The application before us is for the evidence of both witnesses to be held over or stayed until finalisation of the pending criminal trials. When asked about this Mr Cilliers pointed out that there is no indication when these trials are likely to be concluded and that it is clear that none of this would happen during the life span of the TRC which is compelled to finalise its work by no later than 31st July 1998. Mr Cilliers has confirmed that the practical effect of granting the application would be to permanently preclude the TRC from hearing the testimony of the two witnesses. Mr Cilliers has also conceded that at least Dr Basson is an important witness for the purpose of this hearing.

The application is based on the submission that compelling the witnesses to testify would amount to a breach of the fundamental rights of the witnesses to remain silent as entrenched in Section 35 of the Constitution of 1996. It should be mentioned in this regard that both witnesses have been subpoenaed and are compelled to testify in terms of Section 31 of the Promotion of National Unity and Reconciliation Act 34 of 1995. The relevant portions whereof provide that and I quote: -

"Compellability of witnesses and inadmissibility of incriminating evidence given before Commission.

31(1) Any person who is question by the Commission in the exercise of its powers in terms of this Act or who has been subpoenaed to give evidence or to produce any article at a hearing of the Commission shall subject to the provisions of subsections 2, 3 and 5 be compelled to produce any article or to answer any question put to him or her with regard to the subject matter of the hearing notwithstanding the fact that the article or his or her answer may incriminate him or her. Subsection 2: A person referred to in subsection 1 shall only be compelled to answer a question or to produce an article which will incriminate him or her if the Commission has issued an order to that effect after the Commission a. Has consulted with the Attorney General who has jurisdiction. b. Has satisfied itself that to require such information from such a person is reasonable, necessary and justifiable in an open and democratic society based on freedom and equality. c. Has satisfied itself that such a person has refused or is likely to refuse to answer a question or produce an article on the grounds that such an answer or article might incriminate him or her.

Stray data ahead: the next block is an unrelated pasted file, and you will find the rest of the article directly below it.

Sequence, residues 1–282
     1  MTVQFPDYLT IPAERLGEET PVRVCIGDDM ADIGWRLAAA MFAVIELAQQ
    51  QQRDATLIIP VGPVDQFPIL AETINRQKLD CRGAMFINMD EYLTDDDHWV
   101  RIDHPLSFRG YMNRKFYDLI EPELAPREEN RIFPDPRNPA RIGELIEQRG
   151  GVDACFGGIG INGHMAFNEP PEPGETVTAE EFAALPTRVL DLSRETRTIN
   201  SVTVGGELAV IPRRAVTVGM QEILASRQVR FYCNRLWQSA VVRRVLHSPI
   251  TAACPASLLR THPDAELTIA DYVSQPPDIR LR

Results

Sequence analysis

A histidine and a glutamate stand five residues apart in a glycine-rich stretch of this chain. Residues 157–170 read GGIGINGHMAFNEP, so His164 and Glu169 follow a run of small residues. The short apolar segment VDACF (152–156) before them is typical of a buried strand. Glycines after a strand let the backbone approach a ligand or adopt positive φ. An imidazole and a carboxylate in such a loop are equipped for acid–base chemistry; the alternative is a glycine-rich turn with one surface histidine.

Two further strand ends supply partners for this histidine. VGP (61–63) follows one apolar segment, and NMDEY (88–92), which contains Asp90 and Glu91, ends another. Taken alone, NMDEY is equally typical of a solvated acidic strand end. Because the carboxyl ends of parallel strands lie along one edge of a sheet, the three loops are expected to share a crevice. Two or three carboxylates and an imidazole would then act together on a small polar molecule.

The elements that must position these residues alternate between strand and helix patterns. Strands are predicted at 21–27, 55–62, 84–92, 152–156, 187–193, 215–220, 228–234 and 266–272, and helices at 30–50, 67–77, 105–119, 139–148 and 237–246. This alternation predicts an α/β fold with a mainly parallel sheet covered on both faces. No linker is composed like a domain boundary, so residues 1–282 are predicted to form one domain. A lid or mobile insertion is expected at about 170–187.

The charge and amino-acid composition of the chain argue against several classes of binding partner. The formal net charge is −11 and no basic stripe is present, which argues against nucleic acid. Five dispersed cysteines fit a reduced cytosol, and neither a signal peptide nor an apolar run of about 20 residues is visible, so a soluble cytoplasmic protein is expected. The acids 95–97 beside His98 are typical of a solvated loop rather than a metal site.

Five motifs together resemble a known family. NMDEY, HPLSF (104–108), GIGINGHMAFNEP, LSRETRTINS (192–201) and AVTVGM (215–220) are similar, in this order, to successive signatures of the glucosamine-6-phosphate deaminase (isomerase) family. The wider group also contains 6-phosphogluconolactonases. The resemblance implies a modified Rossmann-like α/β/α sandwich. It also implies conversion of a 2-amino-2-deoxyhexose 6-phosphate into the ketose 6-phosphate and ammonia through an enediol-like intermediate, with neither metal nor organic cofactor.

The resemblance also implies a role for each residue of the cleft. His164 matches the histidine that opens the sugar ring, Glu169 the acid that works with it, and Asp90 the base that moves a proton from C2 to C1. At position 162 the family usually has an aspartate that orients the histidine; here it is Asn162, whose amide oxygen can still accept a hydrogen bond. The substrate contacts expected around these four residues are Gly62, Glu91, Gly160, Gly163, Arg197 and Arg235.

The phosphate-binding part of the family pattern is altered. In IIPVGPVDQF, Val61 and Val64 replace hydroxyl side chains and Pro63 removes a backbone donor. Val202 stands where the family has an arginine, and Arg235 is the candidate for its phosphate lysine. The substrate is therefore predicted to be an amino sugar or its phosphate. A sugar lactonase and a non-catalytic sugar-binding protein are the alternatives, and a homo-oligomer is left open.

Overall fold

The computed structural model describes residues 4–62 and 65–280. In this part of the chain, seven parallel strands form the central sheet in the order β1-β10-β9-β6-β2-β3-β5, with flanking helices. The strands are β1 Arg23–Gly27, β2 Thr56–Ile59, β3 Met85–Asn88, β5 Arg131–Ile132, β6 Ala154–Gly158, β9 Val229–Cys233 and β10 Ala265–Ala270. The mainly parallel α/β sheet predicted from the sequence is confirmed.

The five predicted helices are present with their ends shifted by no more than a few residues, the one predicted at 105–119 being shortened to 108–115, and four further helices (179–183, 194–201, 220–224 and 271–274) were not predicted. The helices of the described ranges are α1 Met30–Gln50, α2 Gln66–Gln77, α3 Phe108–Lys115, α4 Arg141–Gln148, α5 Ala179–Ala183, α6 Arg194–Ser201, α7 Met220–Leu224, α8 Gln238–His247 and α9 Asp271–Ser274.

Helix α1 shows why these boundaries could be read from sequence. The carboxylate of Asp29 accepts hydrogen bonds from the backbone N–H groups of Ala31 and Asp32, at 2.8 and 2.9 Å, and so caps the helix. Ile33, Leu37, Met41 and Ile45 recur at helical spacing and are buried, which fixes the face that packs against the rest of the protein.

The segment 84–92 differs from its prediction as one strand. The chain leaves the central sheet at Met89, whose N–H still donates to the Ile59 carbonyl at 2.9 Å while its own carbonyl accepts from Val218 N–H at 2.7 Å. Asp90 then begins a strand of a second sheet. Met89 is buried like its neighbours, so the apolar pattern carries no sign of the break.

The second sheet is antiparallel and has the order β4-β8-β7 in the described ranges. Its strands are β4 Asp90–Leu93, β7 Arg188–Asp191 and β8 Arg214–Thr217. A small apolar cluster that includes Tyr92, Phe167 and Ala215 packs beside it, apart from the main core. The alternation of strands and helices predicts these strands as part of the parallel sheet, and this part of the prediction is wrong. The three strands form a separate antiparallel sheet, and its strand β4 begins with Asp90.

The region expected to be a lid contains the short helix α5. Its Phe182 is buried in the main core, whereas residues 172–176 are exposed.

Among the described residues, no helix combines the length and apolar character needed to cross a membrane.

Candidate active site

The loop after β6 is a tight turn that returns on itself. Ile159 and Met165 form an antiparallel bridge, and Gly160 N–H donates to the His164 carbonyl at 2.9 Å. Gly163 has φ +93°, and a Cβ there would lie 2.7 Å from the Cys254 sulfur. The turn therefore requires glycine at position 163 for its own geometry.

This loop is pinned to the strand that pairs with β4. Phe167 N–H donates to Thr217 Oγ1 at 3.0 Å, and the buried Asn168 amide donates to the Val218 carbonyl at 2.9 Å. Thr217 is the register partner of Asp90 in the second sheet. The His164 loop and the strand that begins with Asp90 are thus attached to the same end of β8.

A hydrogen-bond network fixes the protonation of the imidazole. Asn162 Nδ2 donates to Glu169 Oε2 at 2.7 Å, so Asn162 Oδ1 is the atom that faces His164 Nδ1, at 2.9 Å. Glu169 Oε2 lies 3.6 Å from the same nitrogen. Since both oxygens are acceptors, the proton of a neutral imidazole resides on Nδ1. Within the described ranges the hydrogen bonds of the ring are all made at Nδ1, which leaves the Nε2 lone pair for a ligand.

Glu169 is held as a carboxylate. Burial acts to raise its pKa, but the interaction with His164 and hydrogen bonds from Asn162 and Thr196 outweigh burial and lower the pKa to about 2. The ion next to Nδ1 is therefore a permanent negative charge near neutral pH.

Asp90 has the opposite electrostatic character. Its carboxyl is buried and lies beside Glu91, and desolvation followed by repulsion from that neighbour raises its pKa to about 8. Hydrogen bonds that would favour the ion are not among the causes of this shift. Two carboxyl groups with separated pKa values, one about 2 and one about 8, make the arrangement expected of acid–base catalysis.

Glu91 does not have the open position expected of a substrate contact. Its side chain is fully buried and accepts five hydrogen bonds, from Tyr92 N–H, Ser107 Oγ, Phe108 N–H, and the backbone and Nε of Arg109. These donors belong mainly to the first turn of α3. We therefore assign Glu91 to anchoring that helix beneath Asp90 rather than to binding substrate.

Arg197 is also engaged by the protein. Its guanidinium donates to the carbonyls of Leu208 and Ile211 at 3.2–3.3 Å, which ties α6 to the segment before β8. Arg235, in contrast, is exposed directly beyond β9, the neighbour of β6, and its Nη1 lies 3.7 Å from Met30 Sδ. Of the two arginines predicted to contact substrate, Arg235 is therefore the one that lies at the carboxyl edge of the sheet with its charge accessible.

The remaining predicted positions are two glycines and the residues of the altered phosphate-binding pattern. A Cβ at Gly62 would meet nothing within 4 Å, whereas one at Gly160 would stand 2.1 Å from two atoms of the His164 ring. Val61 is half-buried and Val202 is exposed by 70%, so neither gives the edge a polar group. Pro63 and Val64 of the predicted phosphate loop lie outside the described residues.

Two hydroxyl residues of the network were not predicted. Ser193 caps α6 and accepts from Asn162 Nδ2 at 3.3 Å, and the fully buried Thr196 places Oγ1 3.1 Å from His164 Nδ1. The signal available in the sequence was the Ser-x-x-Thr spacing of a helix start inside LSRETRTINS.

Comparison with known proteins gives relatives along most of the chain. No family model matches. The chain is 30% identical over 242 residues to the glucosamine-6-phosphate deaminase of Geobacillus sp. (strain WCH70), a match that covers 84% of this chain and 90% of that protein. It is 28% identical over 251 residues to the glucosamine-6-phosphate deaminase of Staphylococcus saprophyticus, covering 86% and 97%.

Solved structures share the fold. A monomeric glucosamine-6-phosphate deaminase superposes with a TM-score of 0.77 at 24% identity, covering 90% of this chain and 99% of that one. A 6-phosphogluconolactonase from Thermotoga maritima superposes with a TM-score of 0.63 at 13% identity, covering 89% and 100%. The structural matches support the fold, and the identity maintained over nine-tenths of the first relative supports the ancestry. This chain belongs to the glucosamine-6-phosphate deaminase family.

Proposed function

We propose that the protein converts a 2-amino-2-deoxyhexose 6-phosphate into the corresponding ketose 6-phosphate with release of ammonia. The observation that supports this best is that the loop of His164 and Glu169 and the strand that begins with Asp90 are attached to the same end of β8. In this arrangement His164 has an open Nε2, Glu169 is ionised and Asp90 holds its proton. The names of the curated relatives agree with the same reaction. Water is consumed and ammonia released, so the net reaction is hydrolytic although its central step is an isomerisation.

Subsection 3 Any incriminating answer or information obtained or incriminating evidence directly or indirectly derived from a questioning in terms of subsection 1 shall not be admissible as evidence against the person concerned in criminal proceedings in a court of law or before any body or institution established by or under any law provided that incriminating evidence arising from such questioning shall be admissible in criminal proceedings where the person is arraigned on a charge of perjury or a charge contemplated in Section 39(D)(2) of this Act or in Section 3(1)(9)(3) of the Criminal Procedure Act of 1955.

Subsection 4 Subject to the provisions of this Section the law regarding privilege as applicable to a witness summoned to give evidence in a criminal case in a court of law shall apply in relation to the questioning of a person in terms of subsection 1.

Subsection 5 Any person appearing before the Commission by virtue of the provisions of subsection 1 shall be entitled to peruse any article referred to in that subsection which was produced by him or her as may be reasonably necessary to refresh his or her memory."

That is the end of the quote.

Mr Cilliers referred us to a number of authorities which are largely dealt with in two decisions of the Witwatersrand local division of the High Court namely; DAVIS v TIPP N O AND OTHERS, 1996 (1)SA 1152W and SEAPOINT COMPUTER BUREAU (PTY) LTD v McCLAUGHLIN AND DE WET NNO, 1997 (2)SA663W. He placed particular emphasis on these two decisions and submitted that in view of these authorities the legal position is that once there is potential prejudice and the witness is under statutory compulsion to testify like in this case, the panel has discretion and is compelled to grant the application.

The submission was that the witnesses would be irreparably prejudiced in a criminal trial if they are deprived of their right to remain silent. Mr Cilliers submitted that the prejudice which the witnesses would suffer is that they would be compelled to disclose their line of defence prior to the trial which could be used to their prejudice by the prosecution.

Mr Cilliers conceded that the immunity contained in Section 31(3) quoted above is a relevant factor which could be considered by the panel in deciding the issue of prejudice but argued that Section 31(3) does not provide adequate protection to the witness. He referred in this regard to the matter of STATE v BOTHA, 1994 (4)SA799 at 832 which he submitted supports his contention. We had regard to the judgment. The matter relates to the issue of discovering in criminal matters pursuant to the provisions of the interim Constitution of 1993 and does not deal directly with the situation we are faced with.